If it be admitted that the Chronicle bears evidence of continuous production as the work of more than one author, the presumptions in favour of Lanercost are difficult to set aside. The canon of an Augustinian priory belonged to his house he was the member of a corporation with historic succession: like a family, his house inherited ancestral traditions. If attachment to the house of his profession was a feature of his rule, the direct opposite was the characteristic of the friar's calling. The friar did not belong to a house: local detachment was his glory his individuality was lost in his province. He was a wanderer, a sort of parochial assistant, who went about from place to place under the Bishop's licence to give clerical help where required. Like John Wesley in his palmy days, the friar was incapable of localisation the world was his parish. In addition, the Austin canons in the North of England had a well-deserved reputation as patrons of learning and students of history, for which their constitution well fitted them. Nearly half of their houses in the North produced chronicles, the value of which is appreciated at the present day. Who is not acquainted with the work of John and Richard of Hexham, Alan Frisington of Carlisle, William of Newburgh, Peter Langtoft, Walter of Hemingburgh, John of Bridlington, Stephen Edeson of Wartre, Walter Hilton of Thurgarton, George Ripley, and Robert the Scribe, scholars who shed lustre on the Augustinian institute in Northern England? The 1 Britannia Depicta (1720), pp. 160-162.
Chronicle of Lanercost betrays many symptoms of learning and scholarship in agreement with Augustinian traditions. It requires a robust faith to predicate in the mendicant friar a knowledge of Beda, Chrysostom, Ambrose, Justin Martyr, Gregory, and Augustine, leaving out the Theodosian Code, as the quotation is in some doubt. Whatever imperfections the composition may contain, and nobody wishes to conceal them, the authors may reasonably be acquitted of ignorance of patristic learning. Literary touches of various forms brighten up the dull catena of miracle and legend.
In the light of what has been already stated, it would be hazardous to offer a dogmatic view of the authorship of the Chronicle, but it seems quite reasonable to hold that the preponderance of evidence favours the Augustinian house. In the early vicissitudes of the friars in the Border counties, opportunities for undertaking and continuing such a work simply did not exist. The sources of the Chronicle, so far as they can be conjectured, are a strange mixture of written history and oral tale. Many of the stories there recorded, some of them being in glorification of the Mendicant Orders, were taken down from the lips of a narrator. An Augustinian house with the geographical advantages of Lanercost was well adapted to serve as an emporium of news, and the ubiquitous friars, who often assisted the canons in parochial administration, were convenient agents to collect the supply. But the corpus of the Chronicle, taken as it exists in manuscript, was compiled from written sources, and the institution from which it emanated was well supplied with some of the best materials for the period to which it relates.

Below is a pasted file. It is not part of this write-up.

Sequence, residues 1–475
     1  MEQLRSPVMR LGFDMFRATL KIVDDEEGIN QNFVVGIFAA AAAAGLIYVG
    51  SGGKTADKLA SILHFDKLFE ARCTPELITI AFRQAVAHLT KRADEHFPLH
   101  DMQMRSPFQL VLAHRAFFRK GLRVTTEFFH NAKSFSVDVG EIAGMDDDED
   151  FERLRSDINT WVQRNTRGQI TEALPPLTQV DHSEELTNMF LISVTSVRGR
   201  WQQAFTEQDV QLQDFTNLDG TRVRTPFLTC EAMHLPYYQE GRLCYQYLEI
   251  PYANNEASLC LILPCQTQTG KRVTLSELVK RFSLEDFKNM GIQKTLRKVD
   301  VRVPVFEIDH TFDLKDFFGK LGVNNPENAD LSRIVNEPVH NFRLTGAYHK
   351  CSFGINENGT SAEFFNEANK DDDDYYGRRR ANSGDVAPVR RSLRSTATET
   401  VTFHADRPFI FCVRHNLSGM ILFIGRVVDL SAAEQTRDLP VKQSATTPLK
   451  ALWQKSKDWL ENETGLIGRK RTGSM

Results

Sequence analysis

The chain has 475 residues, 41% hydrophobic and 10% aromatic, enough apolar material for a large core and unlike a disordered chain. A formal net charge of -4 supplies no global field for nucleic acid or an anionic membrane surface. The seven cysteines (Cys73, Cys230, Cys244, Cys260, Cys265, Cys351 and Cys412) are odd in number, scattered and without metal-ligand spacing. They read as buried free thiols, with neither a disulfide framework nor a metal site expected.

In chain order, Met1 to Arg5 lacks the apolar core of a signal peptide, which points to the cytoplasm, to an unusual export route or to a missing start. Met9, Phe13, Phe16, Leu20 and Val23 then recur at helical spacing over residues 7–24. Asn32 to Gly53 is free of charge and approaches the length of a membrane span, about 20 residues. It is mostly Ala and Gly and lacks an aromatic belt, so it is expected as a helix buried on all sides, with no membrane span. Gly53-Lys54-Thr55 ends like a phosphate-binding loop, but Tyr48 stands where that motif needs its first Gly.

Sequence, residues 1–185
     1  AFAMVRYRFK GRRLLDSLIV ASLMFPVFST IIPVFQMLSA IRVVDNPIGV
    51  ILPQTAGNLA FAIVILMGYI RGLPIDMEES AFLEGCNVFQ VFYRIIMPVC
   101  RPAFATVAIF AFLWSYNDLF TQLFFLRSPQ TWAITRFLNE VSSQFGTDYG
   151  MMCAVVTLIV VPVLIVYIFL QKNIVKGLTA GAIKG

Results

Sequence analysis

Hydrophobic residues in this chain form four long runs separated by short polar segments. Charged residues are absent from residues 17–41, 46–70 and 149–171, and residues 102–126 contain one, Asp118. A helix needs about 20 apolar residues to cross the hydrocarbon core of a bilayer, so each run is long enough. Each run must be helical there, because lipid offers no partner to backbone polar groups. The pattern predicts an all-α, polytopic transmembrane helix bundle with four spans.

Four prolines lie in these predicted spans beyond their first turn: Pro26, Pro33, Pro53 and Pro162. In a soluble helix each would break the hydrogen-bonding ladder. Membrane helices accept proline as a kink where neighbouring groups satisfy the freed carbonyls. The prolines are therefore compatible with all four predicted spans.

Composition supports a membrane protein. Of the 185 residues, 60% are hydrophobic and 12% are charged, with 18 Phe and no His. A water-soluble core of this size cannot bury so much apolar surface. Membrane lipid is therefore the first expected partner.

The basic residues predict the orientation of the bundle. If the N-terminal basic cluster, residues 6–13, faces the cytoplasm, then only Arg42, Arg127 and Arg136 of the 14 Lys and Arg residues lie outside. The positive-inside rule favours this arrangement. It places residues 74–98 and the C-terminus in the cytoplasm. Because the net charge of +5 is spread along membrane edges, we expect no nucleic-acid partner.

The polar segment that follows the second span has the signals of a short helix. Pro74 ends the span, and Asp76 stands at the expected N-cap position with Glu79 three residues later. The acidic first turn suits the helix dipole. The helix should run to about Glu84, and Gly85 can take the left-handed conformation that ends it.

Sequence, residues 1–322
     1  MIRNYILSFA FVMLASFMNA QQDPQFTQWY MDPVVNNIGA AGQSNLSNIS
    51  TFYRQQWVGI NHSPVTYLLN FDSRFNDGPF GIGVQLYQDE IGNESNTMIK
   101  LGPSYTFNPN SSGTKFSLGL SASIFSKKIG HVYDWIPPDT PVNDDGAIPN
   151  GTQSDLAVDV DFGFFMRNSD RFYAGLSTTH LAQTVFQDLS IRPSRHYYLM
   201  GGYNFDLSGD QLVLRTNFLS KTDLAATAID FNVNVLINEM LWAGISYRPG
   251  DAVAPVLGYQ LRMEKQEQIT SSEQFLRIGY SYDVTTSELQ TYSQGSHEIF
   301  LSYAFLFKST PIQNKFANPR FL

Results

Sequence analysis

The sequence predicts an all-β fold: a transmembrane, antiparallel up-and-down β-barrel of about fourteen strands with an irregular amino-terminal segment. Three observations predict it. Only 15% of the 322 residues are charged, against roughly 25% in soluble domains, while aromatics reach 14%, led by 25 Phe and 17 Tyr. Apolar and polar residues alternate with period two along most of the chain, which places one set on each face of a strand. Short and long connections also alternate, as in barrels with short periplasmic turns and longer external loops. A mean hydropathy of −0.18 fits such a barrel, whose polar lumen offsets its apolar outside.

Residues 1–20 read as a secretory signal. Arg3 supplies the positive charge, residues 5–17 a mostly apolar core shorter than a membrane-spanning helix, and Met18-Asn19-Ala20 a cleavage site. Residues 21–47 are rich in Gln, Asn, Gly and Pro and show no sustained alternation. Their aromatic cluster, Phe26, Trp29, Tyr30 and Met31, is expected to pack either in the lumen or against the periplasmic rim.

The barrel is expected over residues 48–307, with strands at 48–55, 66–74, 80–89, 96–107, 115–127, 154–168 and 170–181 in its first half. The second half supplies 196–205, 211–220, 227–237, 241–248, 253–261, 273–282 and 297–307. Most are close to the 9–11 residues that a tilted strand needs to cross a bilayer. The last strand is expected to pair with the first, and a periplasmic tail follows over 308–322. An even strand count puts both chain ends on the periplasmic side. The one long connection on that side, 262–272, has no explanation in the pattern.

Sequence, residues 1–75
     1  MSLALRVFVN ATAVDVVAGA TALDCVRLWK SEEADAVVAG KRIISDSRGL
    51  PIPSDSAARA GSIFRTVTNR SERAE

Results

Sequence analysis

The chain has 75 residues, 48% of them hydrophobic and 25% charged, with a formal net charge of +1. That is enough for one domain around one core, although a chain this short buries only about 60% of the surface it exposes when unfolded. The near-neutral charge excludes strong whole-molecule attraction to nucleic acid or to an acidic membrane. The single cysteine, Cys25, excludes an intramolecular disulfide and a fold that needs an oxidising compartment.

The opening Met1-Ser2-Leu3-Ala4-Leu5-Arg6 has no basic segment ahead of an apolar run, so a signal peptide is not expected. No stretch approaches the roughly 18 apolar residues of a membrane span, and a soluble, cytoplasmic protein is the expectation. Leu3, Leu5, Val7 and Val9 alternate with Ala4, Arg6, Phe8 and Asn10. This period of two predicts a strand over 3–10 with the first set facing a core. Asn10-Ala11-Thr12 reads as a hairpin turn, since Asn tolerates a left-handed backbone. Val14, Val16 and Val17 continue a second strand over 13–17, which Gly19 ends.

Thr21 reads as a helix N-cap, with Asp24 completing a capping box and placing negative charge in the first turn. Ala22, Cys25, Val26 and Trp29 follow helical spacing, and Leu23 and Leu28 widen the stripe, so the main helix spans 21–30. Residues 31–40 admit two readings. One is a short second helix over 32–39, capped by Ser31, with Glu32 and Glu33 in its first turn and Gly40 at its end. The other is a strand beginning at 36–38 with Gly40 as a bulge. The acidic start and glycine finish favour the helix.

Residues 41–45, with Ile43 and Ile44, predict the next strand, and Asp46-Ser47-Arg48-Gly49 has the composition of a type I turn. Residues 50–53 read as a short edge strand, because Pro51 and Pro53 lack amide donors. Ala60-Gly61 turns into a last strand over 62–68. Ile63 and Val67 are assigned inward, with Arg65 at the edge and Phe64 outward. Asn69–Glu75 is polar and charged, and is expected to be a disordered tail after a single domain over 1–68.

1The phrase, teste theodocto, which puzzled Sir Herbert Maxwell (p. 128), should be compared with teste Ezechiele (p. 126) and teste Chrysostomo (p. 135) as clearly correlative. Stevenson should have printed theodocto as a proper name, but the spelling is probably corrupt. The print, however, corresponds with the text of the manuscript. The quotation savours of the style of the Theodosian Code.
Hamilton of Kincavil and the General Assembly of 1563
HE General Assembly of the Church of Scotland has recently
interest. The earlier records of the Assembly are unfortunately most imperfect. Neither the originals nor complete transcripts are known to exist. And The Booke of the Universal Kirke published by the Bannatyne Club, is largely made up of material from various writers, by whom portions of the records bear to be quoted or summarized. In this compilation (vol. i. p. 36) under date 27th June, 1563, appears a short account of the proceedings of the General Assembly anent the case of James Hamilton of Kincavil. This bears to be taken from Calderwood's History of the Church of Scotland. The document which the Assembly has now acquired is an official extract on parchment from the missing Register of the Acts of Assembly, and, as will be seen, it sets forth the proceedings at length.
For its proper understanding a brief statement of facts seems necessary. James, or, as he is generally called, Sir James Hamilton of Kincavil, was the eldest son of Sir Patrick Hamilton of Kincavil, by Margaret Stewart, daughter of the Duke of Albany, and thus the elder brother of Patrick Hamilton, Abbot of Fearn, who was burned at St. Andrews on 29th February, 1528. The circumstances surrounding the condemnation and burning of Patrick Hamilton are still obscure. The hostility of Angus the Regent to a Hamilton can easily be understood. But the martyr was closely related to the Betons, and both the Archbishop and his nephew, the future Cardinal, had shown themselves to be friendly. Stranger still, Sir James Hamilton of Finnart-a bastard son of Arran and thus Patrick's own cousin-in spite of all the ties of kinship, was prominent in the proceedings against him. It seems, too, that only the extraordinary rapidity with which the sentence was carried into effect prevented Sir James Hamilton 1 Woodrow Society, vol. ii. p. 228.